Then, in recent days, all this was said to be set for change again. Various business and financial reports have talked of further wage rises in China, to the extent of signalling the end of the “cheap made-in-China era”.
For many, this may seem too much and happening too soon. Certainly, as a very large country long steeped in its way of doing things, changes will come only slowly for China.
However, the changes revolving around higher pay and improved work conditions along with their economic, social and political implications are here to stay. They are virtually irreversible, exerting considerable long-term impact on Chinese society.
Contrary to common belief, it is not a new phenomenon. For some years now wages in China have been rising, a condition exacerbated by shortages of skilled labour and the proliferation of manufacturing plants.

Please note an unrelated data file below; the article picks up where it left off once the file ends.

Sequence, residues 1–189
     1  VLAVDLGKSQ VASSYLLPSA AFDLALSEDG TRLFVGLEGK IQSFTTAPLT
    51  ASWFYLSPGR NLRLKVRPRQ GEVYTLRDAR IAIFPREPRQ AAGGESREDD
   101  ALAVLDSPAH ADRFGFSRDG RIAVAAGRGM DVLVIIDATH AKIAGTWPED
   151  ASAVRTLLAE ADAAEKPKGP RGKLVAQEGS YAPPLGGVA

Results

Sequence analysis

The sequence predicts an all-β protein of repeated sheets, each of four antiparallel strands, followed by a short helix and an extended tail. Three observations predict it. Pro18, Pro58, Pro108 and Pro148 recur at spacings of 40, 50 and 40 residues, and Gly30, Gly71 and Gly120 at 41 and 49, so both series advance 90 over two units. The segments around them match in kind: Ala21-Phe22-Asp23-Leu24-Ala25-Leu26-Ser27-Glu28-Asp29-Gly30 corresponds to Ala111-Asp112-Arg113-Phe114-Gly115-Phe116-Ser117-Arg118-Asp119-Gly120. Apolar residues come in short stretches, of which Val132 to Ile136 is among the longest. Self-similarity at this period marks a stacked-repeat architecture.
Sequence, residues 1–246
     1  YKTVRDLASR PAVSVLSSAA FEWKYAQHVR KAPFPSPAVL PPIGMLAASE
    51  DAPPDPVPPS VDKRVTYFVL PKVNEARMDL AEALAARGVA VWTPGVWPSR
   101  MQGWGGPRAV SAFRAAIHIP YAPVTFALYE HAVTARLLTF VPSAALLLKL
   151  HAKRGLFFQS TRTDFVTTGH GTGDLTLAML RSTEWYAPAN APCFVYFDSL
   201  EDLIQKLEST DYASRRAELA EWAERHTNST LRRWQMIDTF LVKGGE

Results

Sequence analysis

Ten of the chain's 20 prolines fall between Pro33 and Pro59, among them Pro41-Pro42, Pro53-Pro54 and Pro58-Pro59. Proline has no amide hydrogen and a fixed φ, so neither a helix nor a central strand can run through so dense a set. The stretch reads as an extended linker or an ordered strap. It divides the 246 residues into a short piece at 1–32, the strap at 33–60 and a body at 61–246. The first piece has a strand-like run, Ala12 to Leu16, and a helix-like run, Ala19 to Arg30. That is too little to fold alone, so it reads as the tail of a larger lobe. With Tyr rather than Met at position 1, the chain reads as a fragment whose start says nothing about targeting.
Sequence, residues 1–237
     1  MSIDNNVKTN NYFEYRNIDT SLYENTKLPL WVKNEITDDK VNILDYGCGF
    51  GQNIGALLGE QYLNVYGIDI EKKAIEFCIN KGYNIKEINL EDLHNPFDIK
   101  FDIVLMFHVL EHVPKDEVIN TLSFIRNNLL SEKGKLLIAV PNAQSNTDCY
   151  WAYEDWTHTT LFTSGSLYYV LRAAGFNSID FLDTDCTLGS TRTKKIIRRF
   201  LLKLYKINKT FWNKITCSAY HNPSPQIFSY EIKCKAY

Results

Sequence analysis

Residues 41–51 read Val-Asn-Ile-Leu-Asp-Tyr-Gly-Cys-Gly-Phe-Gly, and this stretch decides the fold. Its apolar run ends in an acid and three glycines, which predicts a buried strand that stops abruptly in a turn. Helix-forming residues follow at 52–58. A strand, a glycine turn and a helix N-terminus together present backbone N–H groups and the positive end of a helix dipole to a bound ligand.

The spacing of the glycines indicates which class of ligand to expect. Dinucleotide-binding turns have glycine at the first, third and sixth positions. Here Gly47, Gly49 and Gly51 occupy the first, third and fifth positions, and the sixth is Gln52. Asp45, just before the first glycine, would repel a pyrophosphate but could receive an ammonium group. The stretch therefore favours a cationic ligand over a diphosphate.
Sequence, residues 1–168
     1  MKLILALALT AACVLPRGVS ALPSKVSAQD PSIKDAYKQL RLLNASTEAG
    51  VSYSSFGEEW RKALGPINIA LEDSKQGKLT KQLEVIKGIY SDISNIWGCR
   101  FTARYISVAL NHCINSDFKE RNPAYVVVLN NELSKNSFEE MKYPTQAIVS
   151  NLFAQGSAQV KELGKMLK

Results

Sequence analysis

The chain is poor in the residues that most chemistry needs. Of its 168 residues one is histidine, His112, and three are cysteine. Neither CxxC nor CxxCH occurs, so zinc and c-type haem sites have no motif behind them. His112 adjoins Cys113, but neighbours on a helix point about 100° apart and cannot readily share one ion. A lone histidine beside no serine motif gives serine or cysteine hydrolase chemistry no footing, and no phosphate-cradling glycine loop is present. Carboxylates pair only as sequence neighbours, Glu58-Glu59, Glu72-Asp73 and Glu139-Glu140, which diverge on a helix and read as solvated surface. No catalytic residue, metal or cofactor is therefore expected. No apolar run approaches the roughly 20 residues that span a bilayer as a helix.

Industrial action, even suicides, have also concentrated the mind of employers on better terms and conditions for their workers. In all these developments short of forming independent unions, the government has permitted the reforms instead of obstructing them as before.
Changes had been afoot at least since 2007, when tax breaks for foreign corporations ended. The following year, new labour laws helped workers become more aware of their rights, and the Associated Press reports that wages have been climbing 15 per cent a year since.